You are currently viewing the aggregator for the Distributed Republic reader blogs. You can surf to any author's blog by clicking on the link at the bottom of one of his/her posts. If you wish to participate, feel free to register (at the top of the right sidebar) and start blogging.
The main page of the blog can be found here.
Shazam was the first iPhone app that I found extremely useful. I always kept a piece of paper and pen in my car for the times when I'd hear a song on the radio but couldn't identify it. Scribbling down a lyric or two at least allowed me to Google the song later.
Along came Shazam, an application that identified the song by simply "listening" to it. While it worked for most songs, it couldn't identify different versions of a song or acoustic songs.
Midomi was a competitor to Shazam that claimed to be able to identify a song if you sang into the iPhone or even hummed the notes. Unfortunately, it didn't seem to work, at least not for me.
I noticed that Midomi had been updated as SoundHound on my phone, and I tested it out. It identified all of the following songs as I sang them (10 second fragments is what it records).
Shimmer - Fuel
Careful - Guster (2 tries)
Falling - Ben Kweller
Bizarre Love Triangle - Stabbing Westward version
You and I Both - Jason Mraz
I'm Yours - Jason Mraz
Don't Stop Believin - Journey
SoundHound recognized all except one on the first try, and more importantly, it didn't miss a single one. My guess that it doesn't just recognize notes and pitch, but has some very basic word recognition programming.
No, not those Geico guys. From a NY Times article:
The caveman lifestyle, in Mr. Durant’s interpretation, involves eating large quantities of meat and then fasting between meals to approximate the lean times that his distant ancestors faced between hunts. Vegetables and fruit are fine, but he avoids foods like bread that were unavailable before the invention of agriculture. Mr. Durant believes the human body evolved for a hunter-gatherer lifestyle, and his goal is to wean himself off what he sees as many millenniums of bad habits.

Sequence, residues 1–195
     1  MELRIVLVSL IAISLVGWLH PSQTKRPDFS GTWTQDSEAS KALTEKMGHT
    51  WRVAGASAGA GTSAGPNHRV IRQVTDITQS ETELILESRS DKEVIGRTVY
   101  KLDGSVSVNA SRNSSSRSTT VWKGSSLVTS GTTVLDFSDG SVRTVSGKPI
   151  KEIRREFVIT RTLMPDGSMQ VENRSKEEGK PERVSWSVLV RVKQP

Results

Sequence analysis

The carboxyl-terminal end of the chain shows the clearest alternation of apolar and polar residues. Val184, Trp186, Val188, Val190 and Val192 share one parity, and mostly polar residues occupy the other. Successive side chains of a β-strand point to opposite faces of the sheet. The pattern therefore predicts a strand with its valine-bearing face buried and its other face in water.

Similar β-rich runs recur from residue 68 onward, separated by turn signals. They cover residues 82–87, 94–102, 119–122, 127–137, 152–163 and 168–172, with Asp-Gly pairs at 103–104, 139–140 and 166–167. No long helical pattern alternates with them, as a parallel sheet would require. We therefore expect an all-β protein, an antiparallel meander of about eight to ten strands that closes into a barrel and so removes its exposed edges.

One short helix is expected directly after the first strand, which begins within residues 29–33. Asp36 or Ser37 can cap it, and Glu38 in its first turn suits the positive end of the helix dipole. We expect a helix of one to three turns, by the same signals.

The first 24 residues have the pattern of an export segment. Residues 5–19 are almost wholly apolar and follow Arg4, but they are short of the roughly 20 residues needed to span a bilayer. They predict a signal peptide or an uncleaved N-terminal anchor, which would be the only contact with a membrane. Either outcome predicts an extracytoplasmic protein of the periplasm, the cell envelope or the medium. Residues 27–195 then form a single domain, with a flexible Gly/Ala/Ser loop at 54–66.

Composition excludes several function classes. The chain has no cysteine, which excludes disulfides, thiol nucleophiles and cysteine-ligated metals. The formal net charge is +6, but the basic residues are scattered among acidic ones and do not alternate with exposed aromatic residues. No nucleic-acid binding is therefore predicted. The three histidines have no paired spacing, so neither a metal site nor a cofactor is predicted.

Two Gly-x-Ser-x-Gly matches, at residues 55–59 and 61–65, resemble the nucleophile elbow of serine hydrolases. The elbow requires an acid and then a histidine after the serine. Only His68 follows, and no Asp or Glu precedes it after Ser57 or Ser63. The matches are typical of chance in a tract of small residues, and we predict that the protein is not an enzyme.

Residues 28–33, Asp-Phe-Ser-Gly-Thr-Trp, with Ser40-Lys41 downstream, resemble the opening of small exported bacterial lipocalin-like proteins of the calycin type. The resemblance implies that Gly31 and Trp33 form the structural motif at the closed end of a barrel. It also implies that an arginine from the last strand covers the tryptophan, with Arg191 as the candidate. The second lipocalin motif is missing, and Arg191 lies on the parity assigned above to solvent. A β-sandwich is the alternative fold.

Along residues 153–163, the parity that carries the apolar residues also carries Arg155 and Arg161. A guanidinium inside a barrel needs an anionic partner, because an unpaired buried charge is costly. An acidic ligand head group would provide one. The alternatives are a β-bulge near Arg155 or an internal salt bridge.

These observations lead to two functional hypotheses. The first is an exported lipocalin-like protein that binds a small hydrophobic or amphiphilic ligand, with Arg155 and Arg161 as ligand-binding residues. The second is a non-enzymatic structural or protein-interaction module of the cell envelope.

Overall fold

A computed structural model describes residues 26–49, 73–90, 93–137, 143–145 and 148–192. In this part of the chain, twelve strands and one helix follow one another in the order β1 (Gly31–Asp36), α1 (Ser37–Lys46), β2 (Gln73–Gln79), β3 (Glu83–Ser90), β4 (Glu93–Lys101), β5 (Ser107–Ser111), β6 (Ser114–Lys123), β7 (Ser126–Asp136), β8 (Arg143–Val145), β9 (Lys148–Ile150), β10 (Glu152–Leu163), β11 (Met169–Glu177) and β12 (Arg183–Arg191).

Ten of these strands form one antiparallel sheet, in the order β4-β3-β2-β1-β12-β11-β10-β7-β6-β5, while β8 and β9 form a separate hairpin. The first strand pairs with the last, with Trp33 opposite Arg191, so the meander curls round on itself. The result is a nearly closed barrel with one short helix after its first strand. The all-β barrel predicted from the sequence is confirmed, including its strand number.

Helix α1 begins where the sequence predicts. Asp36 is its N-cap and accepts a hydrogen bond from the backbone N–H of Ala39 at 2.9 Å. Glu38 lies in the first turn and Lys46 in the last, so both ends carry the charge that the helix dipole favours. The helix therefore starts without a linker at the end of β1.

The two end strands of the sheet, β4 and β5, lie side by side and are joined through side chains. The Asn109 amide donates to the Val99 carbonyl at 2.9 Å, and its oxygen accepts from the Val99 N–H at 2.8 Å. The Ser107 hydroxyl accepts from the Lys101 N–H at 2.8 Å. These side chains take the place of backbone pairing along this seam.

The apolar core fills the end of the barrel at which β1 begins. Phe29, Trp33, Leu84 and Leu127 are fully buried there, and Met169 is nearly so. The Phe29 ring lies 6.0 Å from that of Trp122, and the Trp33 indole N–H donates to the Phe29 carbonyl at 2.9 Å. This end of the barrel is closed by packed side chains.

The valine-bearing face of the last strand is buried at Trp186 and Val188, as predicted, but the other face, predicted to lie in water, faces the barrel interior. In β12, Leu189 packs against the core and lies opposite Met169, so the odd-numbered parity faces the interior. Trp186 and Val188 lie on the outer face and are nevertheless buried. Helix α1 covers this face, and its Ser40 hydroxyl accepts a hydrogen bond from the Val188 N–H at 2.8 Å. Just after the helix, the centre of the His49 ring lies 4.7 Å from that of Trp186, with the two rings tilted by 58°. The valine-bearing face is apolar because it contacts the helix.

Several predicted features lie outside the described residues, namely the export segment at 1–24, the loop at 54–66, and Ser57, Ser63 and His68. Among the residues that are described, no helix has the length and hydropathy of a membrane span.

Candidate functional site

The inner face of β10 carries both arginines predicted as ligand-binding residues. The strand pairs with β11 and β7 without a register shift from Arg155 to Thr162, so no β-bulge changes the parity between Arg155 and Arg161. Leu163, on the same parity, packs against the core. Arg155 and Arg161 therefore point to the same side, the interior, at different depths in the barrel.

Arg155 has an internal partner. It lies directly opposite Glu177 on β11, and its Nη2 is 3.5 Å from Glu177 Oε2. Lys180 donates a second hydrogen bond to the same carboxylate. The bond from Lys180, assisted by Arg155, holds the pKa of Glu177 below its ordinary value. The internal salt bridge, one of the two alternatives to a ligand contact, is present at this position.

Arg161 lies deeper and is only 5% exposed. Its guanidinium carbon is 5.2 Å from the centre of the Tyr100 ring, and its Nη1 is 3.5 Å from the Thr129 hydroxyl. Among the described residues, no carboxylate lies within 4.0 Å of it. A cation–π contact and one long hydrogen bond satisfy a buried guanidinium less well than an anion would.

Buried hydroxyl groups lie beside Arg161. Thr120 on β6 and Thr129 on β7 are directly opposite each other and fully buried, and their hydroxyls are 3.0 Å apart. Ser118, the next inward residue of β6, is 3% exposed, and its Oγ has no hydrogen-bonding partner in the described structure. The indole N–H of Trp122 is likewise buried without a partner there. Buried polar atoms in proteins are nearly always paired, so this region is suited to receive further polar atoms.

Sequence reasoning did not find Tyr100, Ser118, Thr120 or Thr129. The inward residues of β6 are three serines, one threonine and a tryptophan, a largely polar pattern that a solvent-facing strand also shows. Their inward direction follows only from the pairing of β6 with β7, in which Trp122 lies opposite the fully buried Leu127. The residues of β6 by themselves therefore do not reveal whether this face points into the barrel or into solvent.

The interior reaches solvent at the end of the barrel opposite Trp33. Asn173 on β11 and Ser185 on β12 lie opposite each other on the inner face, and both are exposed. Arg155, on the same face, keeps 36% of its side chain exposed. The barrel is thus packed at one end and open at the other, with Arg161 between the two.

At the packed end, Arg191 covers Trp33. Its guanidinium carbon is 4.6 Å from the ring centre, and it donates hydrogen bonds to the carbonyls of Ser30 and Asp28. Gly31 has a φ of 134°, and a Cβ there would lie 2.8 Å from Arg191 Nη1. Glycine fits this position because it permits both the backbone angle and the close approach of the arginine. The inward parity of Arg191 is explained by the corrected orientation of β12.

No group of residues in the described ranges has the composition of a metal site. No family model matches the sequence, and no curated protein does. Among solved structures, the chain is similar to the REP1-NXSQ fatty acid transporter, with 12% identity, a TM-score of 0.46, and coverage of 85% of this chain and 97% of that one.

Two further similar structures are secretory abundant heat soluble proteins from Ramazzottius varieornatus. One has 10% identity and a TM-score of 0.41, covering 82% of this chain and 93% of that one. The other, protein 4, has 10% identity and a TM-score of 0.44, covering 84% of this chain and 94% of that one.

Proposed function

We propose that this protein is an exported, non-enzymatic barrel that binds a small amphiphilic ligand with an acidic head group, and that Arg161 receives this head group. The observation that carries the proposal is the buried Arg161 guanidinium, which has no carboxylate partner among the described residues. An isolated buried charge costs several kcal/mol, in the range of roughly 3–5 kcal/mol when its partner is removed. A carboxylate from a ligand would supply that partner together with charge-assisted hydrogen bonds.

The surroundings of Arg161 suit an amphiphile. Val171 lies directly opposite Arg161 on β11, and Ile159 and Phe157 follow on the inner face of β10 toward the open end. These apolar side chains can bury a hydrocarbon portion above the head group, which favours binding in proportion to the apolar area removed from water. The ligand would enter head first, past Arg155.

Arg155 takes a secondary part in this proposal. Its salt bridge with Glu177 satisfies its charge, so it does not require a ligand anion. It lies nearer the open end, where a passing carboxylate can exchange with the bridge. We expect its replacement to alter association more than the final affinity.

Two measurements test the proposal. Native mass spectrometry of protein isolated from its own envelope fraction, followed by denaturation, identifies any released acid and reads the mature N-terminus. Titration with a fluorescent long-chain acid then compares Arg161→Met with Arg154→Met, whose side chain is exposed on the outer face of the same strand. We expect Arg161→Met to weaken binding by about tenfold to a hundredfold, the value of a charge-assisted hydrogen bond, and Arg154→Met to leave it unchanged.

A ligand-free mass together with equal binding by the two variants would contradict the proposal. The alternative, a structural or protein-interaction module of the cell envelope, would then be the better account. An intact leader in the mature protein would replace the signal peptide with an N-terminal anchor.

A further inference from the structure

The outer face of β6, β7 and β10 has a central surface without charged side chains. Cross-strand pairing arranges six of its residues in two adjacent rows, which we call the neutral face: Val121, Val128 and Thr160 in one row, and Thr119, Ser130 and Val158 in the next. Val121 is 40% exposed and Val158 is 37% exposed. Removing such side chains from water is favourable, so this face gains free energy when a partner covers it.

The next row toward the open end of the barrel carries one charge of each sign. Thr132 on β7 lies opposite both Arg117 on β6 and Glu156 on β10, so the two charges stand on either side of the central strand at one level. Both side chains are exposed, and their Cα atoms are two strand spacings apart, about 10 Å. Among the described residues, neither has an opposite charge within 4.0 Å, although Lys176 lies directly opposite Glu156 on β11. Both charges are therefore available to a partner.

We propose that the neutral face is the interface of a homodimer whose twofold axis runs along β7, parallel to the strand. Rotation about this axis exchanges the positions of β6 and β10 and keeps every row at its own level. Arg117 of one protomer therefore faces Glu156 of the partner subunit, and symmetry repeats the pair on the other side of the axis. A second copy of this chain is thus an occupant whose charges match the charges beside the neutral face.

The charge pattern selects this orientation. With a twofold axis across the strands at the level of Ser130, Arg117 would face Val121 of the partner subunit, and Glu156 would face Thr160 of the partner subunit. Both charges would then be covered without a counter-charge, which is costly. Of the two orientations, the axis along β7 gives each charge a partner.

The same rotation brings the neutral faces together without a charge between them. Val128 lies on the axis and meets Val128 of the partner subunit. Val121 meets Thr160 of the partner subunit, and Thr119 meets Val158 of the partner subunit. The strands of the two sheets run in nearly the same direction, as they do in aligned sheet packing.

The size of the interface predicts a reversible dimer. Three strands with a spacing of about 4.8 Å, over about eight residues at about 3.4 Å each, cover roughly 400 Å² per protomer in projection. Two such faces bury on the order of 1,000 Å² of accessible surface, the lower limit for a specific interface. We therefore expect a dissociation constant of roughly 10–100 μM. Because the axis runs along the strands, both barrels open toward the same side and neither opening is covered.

It goes through other ways people are trying to emulate our remote ancestors. At times, the interviewees sound rather socially inept.
Another caveman trick involves donating blood frequently. The idea is that various hardships might have occasionally left ancient humans a pint short. Asked when he last gave blood, Andrew Sanocki said it had been three months. He and his brother looked at each other. “We’re due,” Andrew said.
My view: in theory, evolutionary fitness/nutrition sounds promising. But there are really no controlled studies showing it works better than other lifestyles.
Malthusian economics held for all of history prior to 1800. I think it would be fair to say that it held even before we evolved into humans, though that might be a reach--I don't know. Today, Malthusian economics doesn't hold. We're getting richer every day.
A prediction about whether Malthusian economics will re-assert in the future should, I think, hinge on an explanation of why it doesn't hold today. Are we living in a brief anomaly, a temporary blip in time? Or have we undergone a secular, permanent change?